Use this URL to cite or link to this record in EThOS: https://ethos.bl.uk/OrderDetails.do?uin=uk.bl.ethos.762805
Title: Three-dimensional assessment of facial asymmetry in children with operated unicoronal synostosis
Author: Byrne, Emer
ISNI:       0000 0004 7658 9122
Awarding Body: University of Liverpool
Current Institution: University of Liverpool
Date of Award: 2018
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Abstract:
Objectives: The primary objective was to quantitatively describe soft tissue middle and lower third facial asymmetry and facial rotation in children with Unicoronal synostosis (UCS) who have undergone surgical correction with Fronto-orbital Advancement and Remodelling (FOAR) in infancy using three-dimensional stereophotogrammetric imaging. The secondary objective was to assess if a correlation exists between facial asymmetry and age of imaging or age of surgical intervention. Design/ Setting: A retrospective cross-sectional study undertaken at Alder Hey Craniofacial Unit, Liverpool. Subjects: Children with nonsyndromic UCS who underwent Fronto-orbital Advancement and Remodelling in infancy and had post-operative 3D imaging with the static 3dMD head system. Methods: Participants with nonsyndromic UCS and who underwent FOAR at Alder Hey Craniofacial Unit in infancy were identified. The quality of their static 3dMDhead images were assessed for inclusion in the study. Twenty two anthropometric landmarks were identified (eight mid-facial and seven paired bilateral landmarks) for each participant on the static 3dMDhead images. The landmarks were remarked on a random sample of 24 images to assess intra-rater and inter-rater reliability by two investigators. An asymmetry index (AI) was calculated for each landmark and linear and surface measurements between each of the paired bilateral landmarks and the landmark Nasion were measured. Deviation of the nasal tip and chin were also measured to assess the direction of facial rotation. Results: Thirty six participants were included for analysis. The mean age of FOAR was 1yr 5 months and the average age of 3D imaging was 5yrs 6months. Intra-class correlation coefficients showed excellent agreement (ICC 0.96-0.99) for all landmarks with the exception of Nasion in the x direction which had good agreement (intra-rater ICC 0.66 and inter-rater ICC 0.77). The asymmetry index showed that facial asymmetry was evident in the middle and lower face and increased as you move superiorly to inferiorly away from the cranium. The AI was lowest for the landmark Nasion (0.49mm) and highest for Cheilion (7.11mm). The amount of asymmetry was generally greater in the medio-lateral direction. Average deviation of the nasal tip and Pogonion to the unfused side was 4.4 ± 3.9 degrees and 3.5 ± 2.7 degrees respectively. Significant facial rotation of the middle and lower face towards the unfused side was evident (Chi-square analysis, p < 0.001). Age of imaging and age of surgical intervention did not correlate with facial asymmetry. Conclusions: The findings of this study demonstrate that children with UCS who undergo FOAR in infancy show consistent soft tissue facial asymmetry post-operatively. FOAR does not change the direction of facial growth with continuation of the UCS phenotype of facial rotation towards the unfused side.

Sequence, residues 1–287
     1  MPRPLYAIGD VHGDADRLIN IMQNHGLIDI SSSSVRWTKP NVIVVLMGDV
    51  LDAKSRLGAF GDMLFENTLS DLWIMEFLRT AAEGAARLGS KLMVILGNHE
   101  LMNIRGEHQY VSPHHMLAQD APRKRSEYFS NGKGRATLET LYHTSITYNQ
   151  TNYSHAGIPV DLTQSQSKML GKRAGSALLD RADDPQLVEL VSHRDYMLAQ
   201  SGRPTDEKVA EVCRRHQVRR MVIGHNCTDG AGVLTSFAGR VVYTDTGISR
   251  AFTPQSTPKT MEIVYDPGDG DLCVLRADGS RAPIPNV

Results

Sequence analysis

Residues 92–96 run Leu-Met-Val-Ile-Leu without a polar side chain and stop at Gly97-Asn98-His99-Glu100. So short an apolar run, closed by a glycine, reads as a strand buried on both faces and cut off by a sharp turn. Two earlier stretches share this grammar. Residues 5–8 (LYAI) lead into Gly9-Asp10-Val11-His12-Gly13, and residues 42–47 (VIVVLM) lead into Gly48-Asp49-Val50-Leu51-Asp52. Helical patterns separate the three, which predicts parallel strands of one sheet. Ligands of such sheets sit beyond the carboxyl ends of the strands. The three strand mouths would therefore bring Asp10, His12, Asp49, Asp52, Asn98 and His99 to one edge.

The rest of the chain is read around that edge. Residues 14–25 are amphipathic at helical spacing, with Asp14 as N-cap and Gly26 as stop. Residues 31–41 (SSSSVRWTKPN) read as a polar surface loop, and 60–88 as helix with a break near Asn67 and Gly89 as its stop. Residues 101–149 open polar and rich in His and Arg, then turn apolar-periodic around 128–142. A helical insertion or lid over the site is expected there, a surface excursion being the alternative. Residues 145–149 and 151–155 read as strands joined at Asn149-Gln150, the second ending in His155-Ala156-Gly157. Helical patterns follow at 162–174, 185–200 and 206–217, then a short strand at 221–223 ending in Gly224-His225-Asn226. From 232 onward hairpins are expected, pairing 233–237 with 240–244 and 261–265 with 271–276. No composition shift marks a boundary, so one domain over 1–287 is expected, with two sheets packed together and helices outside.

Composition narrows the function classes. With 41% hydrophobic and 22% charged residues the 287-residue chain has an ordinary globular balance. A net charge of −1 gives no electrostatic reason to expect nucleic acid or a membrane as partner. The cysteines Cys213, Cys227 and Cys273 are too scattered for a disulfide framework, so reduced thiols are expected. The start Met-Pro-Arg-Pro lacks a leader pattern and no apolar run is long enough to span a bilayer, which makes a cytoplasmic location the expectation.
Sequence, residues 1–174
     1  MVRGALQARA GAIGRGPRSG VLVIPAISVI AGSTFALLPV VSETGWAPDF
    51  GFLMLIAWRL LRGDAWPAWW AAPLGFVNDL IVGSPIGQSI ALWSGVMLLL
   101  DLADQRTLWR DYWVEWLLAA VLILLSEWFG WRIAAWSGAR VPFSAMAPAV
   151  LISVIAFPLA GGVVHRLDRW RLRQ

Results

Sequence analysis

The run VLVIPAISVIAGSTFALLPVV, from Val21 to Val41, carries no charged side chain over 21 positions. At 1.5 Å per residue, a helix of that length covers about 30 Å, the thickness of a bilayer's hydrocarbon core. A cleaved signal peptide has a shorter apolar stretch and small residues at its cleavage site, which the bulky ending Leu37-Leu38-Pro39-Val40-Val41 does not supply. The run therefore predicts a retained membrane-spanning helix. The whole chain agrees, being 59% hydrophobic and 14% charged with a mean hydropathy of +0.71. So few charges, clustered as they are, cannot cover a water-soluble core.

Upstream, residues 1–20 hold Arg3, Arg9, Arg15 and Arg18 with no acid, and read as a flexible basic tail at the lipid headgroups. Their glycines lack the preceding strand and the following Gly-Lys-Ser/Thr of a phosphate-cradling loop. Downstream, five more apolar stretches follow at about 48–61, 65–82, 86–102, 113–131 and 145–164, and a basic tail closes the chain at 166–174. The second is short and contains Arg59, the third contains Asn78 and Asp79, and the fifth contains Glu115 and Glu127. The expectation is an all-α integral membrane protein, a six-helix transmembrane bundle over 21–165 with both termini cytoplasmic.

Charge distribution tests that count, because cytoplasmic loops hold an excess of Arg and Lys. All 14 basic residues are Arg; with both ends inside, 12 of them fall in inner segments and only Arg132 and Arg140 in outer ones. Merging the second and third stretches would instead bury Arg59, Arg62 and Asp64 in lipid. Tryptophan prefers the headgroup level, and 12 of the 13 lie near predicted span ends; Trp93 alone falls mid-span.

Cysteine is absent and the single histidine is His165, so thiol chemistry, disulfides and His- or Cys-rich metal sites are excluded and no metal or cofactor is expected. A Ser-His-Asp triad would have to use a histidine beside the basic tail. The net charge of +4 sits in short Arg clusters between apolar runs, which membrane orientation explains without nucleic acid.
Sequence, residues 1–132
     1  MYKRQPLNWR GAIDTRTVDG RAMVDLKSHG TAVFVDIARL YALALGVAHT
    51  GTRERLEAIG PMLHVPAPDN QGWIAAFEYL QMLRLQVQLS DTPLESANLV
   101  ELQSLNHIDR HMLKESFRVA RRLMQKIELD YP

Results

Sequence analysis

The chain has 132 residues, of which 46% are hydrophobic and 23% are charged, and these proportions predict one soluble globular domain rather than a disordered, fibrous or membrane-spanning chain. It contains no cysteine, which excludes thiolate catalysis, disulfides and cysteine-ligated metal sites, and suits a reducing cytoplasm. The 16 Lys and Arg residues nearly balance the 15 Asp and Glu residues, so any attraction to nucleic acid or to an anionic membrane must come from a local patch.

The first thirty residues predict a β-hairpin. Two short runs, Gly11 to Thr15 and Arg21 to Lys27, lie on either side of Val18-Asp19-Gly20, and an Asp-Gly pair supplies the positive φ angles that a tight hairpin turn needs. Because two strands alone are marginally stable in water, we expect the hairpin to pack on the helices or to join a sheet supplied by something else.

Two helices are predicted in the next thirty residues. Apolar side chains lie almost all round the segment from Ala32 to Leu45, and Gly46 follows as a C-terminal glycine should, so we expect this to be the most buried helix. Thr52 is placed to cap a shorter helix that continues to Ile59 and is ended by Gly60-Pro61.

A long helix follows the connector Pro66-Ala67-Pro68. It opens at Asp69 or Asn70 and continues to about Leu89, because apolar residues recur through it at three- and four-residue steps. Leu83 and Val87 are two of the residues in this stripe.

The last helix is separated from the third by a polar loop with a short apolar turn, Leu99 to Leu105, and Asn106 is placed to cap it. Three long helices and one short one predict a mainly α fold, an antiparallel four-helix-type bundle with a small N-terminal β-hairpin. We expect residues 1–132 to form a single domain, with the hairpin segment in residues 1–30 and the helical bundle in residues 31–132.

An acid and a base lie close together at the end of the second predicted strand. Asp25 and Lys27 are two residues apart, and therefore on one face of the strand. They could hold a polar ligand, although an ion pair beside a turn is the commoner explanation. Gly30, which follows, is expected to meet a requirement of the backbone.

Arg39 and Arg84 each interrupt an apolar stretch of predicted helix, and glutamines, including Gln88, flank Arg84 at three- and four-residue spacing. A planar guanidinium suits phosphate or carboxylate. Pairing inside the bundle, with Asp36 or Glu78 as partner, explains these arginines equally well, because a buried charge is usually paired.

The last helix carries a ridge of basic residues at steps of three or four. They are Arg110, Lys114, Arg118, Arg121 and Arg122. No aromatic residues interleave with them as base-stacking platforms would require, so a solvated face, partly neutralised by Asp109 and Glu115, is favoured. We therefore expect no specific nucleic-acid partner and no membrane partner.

Supervisor: Flannigan, Norah ; Burnside, Girvan ; Dominguez-Gonzalez, Susana Sponsor: Not available
Qualification Name: Thesis (D.D.Sc.) Qualification Level: Doctoral
EThOS ID: uk.bl.ethos.762805  DOI:
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